Movie Shooting Menu
With the D750, Nikon introduced a new “Movie Shooting Menu” to move all movie-related settings and functions to a single location. A great change, because it was all over the place before. I personally do not shoot video, so these settings are not important for me. If you are planning to shoot video, you will be able to find everything from movie ISO settings to picture controls. In addition to these settings, pressing the Live View button then the “i” button will activate additional settings that you can change.
Custom Setting Menu
This is where a lot of people get lost, since there are so many different settings. Here are the settings that I personally use:
- AF-C priority selection: Release
- AF-S priority selection: Focus
- Focus tracking with lock-on: AF 3 (Normal)
- Focus point illumination
- Manual focus mode: ON
- Dynamic-area AF display: ON
- Group-area AF illumination: First option
- AF point illumination: Auto
- Focus point wrap-around: OFF
- Number of focus points: AF51
- Store points by orientation: ON
- Built-in AF-assist illuminator: ON
- ISO sensitivity step value: 1/3
- EV steps for exposure cntrl: 1/3
- Ex./flash comp. step value: 1/3
- Easy exposure compensation: OFF
- Matrix metering: Face detection on
- Center-weighted area: 12mm
- Fine-tune optimal exposure: —
- Timers/AE lock
- Shutter-release button AE-L: OFF
- Standby timer: 6s
- Self-timer delay: 5s
- Number of shots: 1
- Interval between shots: 0.5s
- Monitor off delay: 10s, 1m, 10s, 4s, 10m
- Remote on duration (ML-L3): 1m
- Volume: OFF
- Pitch: Low
- Continuous low-speed: 3 fps
- Max. continuous release: 100
- Exposure delay mode: OFF
- Flash warning: OFF
- File number sequence: ON
- Viewfinder grid display: ON
- Easy ISO: ON
- Information display: AUTO
- LCD illumination: OFF
- MB-D16 battery type: LR6
- Battery order: MB-D16
- Flash sync speed: 1/250*
- Flash shutter speed: 1/60
- Flash cntrl for built-in flash: TTL
- Exposure comp. for flash: Entire frame
- Modeling flash: ON
- Auto bracketing set: AE & flash
- Bracketing order: Under > MTR > over
- OK button
- Shooting mode: RESET
- Playback mode: Zoom on/off -> 1:1 (100%)
- Live view: RESET
- Assign Fn button: Access top item in MY MENU
- Assign preview button: Preview
- Assign AE-L/AF-L button: AE-L / AF-L button press: AE/AF lock
- Customize command dials: All default
- Release button to use dial: OFF
- Slot empty release lock: LOCK
- Reverse indicators: – 0 +
- Assign movie record button: ISO sensitivity
- Assign MB-D16 AE-L/AF-L button: AE/AF lock
- Assign remote (WR) Fn button: OFF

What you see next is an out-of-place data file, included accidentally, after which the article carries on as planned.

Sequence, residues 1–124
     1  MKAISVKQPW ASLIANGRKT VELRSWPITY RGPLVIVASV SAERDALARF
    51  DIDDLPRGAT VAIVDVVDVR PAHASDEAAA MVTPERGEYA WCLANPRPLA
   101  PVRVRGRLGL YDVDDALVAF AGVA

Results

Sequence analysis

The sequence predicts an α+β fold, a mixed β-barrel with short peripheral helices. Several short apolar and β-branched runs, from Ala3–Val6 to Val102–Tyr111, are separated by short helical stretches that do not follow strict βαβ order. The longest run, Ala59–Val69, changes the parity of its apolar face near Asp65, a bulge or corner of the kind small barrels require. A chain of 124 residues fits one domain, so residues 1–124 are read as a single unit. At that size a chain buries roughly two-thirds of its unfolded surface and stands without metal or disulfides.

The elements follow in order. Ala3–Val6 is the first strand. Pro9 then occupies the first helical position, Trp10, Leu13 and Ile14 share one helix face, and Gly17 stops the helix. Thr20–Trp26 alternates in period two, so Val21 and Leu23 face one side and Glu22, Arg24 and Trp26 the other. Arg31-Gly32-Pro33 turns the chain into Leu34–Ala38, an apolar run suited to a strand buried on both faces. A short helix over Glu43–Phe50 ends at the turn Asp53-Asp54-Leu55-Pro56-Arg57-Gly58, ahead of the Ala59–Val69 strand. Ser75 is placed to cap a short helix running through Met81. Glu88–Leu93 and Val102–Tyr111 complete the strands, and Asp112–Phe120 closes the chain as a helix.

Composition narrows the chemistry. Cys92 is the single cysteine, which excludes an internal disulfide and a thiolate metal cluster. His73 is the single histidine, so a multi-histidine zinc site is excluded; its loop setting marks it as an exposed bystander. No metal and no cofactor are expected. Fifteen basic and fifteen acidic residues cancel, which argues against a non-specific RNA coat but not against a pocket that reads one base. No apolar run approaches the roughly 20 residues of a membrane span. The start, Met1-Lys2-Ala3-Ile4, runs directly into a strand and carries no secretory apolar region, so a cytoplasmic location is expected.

- OK button
- Assign Fn button: OFF
- Assign preview button: Index marking
- Assign AE-L/AF-L button: AE/AF lock
- Assign shutter button: Take photos
That’s a lot of options! Once again, I won’t go into details about each setting, so let me just go over the most important ones that you should know about. The “Autofocus” section is pretty important, because it controls the way your camera autofocus is configured. The first two settings “AF-C priority selection” and “AF-S priority selection” are there to assist in shooting in Single or Continuous modes. The “Focus” setting in the “AF-S priority selection” selection forces the camera to acquire focus before taking the shot. Unlike earlier DSLRs like Nikon D700, the D750 will still let you take a shot if you “focus and recompose” in AF-S mode.
The next setting is “Focus tracking with lock-on”, which I normally keep at the default setting of “3”. This setting controls how quickly your autofocus will re-engage when it detects focus errors. When shooting birds in flight, I tend to reduce that setting to short delays, because I want autofocus to re-engage even with smaller changes. The rest of the time, I keep it in normal and almost never go up to long waits.
“Focus point illumination” will allow customizing the way the camera viewfinder illuminates focus points in different modes. I like the fact that my D750 viewfinder will actually show if I am shooting 9-point or 51-point dynamic continuous mode by putting dots inside the viewfinder frame.
“AF point illumination” is used to light up the viewfinder focus point(s) and different grids in red color when you half-press the shutter button. I usually keep this on “Auto”, which does not light up in very bright conditions where I can clearly see everything in the viewfinder, and only does it in darker environments (which helps with identifying my focus point location). I do not like when my focus points roll over to the other side of the screen when I am in the corners and I like to shoot with all focus points enabled, so my “Focus point wrap-around” is turned off and the number of focus points is set to 51.
A great new menu option that the D750 inherited from the D810 is “Store points by orientation” (a8 in Custom Setting Menu), which I now have turned on by default. I love this feature, because it remembers where my focus point was for both landscape and portrait orientation. For example, if I photograph a bride in horizontal orientation and set my focus point, I can switch to portrait orientation, move my focus point and when I go back and forth between the two, my focus point will be remembered for both orientations! This is a neat feature that can be very helpful when you switch between two different orientations in a fast-paced environment. When photographing the bridal party on a wedding day, I often switch between horizontal and vertical orientation, so that I can capture the whole body in vertical orientation. With this setting, I keep my focus points at different locations, so switching back and forth is super easy – all I have to do is refocus and shoot!